A Fresh Set of Crayons

20150829_200434When I’m teaching on a regular basis (this month that’s almost daily) I like to keep my evening lap work simple. Right now I’m working my way through about 30 pounds of crayons, donated by an after school program, sorting them by color and quality while my husband and I binge watch The X-files. I’ve been known to squeal like a child on Christmas when I find a never used crayon in my stash, setting it aside until I’ve found enough like it to make a set.

Last night, my husband looked over at me (post-squeal) and said, “You’re always working. No one appreciates what you do.” Note: he says this out of love and admiration. He knows these are not totally selfless tasks and that I am only happy when I’m working. But I know he questions my dedication (or sanity) when he sees me sorting through this tub one crayon at a time.

I’ll admit, all 30 pounds of these discarded crayons could probably have been used as-is. The crayons still color, still have their paper wrappings, with most still long enough to last for quite a while. But we all know the thrill that comes with a fresh box of crayons versus digging through a bin of used and broken crayons to find a certain color. Plus, at least once a year you can buy a box of 24 crayons for a quarter, making crayons something easily discarded, without much thought.

20150903_131838So, in addition to sorting the crayons, I do my best to make them appealing. Broken ones are chopped up and melted into crayon blocks. I use a brownie square baking mold – fill each square with broken crayons, bake at 275-degrees for 15 minutes; let cool completely before removing.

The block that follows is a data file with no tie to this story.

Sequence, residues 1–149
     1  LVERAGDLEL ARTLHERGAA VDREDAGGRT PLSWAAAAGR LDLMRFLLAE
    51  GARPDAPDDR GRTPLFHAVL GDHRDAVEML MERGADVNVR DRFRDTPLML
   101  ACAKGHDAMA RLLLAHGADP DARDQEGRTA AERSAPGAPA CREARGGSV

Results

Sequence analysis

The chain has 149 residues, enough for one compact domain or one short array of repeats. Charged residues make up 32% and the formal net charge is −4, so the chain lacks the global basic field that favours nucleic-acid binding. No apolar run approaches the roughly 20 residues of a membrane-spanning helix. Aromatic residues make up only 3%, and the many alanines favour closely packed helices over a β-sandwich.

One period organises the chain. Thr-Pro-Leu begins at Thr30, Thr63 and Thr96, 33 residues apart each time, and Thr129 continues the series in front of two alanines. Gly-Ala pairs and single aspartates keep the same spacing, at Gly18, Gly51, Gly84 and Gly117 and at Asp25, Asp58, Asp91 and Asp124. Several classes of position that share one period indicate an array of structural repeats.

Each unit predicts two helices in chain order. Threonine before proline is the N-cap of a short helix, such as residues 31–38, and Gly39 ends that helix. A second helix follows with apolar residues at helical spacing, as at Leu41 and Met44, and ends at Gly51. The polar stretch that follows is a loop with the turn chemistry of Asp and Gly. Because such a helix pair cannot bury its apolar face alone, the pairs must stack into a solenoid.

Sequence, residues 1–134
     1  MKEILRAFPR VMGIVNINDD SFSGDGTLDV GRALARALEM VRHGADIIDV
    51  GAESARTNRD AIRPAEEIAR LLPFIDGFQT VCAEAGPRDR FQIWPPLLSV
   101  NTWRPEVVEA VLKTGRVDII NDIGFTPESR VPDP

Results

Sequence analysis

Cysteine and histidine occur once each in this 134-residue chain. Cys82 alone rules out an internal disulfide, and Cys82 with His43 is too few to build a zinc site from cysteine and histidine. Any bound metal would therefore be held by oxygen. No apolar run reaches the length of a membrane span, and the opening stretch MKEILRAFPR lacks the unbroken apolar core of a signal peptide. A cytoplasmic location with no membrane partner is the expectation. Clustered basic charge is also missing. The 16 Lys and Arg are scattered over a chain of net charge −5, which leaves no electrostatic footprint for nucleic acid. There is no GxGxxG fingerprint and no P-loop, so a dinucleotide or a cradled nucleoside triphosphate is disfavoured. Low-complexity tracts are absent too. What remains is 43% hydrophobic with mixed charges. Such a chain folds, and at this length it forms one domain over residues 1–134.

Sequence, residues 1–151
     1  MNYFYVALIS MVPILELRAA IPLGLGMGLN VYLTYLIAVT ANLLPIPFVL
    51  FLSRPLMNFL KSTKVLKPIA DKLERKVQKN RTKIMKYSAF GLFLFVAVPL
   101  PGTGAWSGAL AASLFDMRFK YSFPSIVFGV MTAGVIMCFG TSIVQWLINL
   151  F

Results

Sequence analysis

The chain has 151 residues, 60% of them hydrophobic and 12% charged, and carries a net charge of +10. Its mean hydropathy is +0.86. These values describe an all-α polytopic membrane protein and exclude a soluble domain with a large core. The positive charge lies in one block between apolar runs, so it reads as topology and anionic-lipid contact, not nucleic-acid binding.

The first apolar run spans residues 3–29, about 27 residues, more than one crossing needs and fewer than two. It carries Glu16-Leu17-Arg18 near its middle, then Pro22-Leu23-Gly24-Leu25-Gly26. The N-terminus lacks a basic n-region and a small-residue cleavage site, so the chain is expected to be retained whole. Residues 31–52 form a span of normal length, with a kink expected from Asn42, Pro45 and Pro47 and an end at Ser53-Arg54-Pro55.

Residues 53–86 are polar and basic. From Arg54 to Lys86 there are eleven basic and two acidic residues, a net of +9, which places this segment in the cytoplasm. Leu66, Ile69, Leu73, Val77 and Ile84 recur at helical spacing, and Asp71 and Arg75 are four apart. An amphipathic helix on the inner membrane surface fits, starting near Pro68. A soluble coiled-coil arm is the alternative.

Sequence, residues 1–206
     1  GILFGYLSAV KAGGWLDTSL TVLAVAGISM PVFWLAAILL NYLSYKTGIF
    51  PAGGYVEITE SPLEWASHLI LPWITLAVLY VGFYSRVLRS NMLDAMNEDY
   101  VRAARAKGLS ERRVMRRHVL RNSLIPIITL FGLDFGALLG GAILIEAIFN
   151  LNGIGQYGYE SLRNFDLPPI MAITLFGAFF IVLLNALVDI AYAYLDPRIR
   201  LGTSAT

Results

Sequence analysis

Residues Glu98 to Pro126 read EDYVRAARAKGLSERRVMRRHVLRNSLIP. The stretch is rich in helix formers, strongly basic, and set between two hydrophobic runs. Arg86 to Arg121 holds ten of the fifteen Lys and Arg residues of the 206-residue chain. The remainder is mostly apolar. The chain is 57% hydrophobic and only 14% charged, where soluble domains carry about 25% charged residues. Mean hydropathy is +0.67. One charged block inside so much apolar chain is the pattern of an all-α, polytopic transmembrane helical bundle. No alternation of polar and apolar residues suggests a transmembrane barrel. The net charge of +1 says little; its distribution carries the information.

The obviously used, but still useful crayons I save for when I’m doing a one-time workshop or event and don’t want to waste money on new materials or worry about any of my materials not making it home with me.

And the ones that make me squeal with delight? They get a little extra love.

Did you know that a pencil eraser will remove most of the scuff marks from a crayon wrapper? Really what it’s removing is a layer of the paper, but look at the difference it makes. On the left is before I used the eraser; on the right is after.


20150829_22243520150829_221525_001Now, put that pretty thing in a plastic bag with a few of its friends and you’d be hard pressed to distinguish this set from one fresh from the store.

And here’s the reasoning behind my concierge level treatment of each crayon: until creative reuse is more fully embraced, cosmetic tweaks like this help reluctant reusers see the value in something they might otherwise discard. I’m also know that lots of repurposed supplies are donated to families who can’t afford to buy new school supplies, and every child – especially those who only get new crayons once a year – deserves the thrill that comes with a fresh set!

P.S.  The day after I wrote this post, I came across The Crayon Initiative – a much larger scale project aimed at keeping crayons out of the landfill and in the hands of children. So cool!

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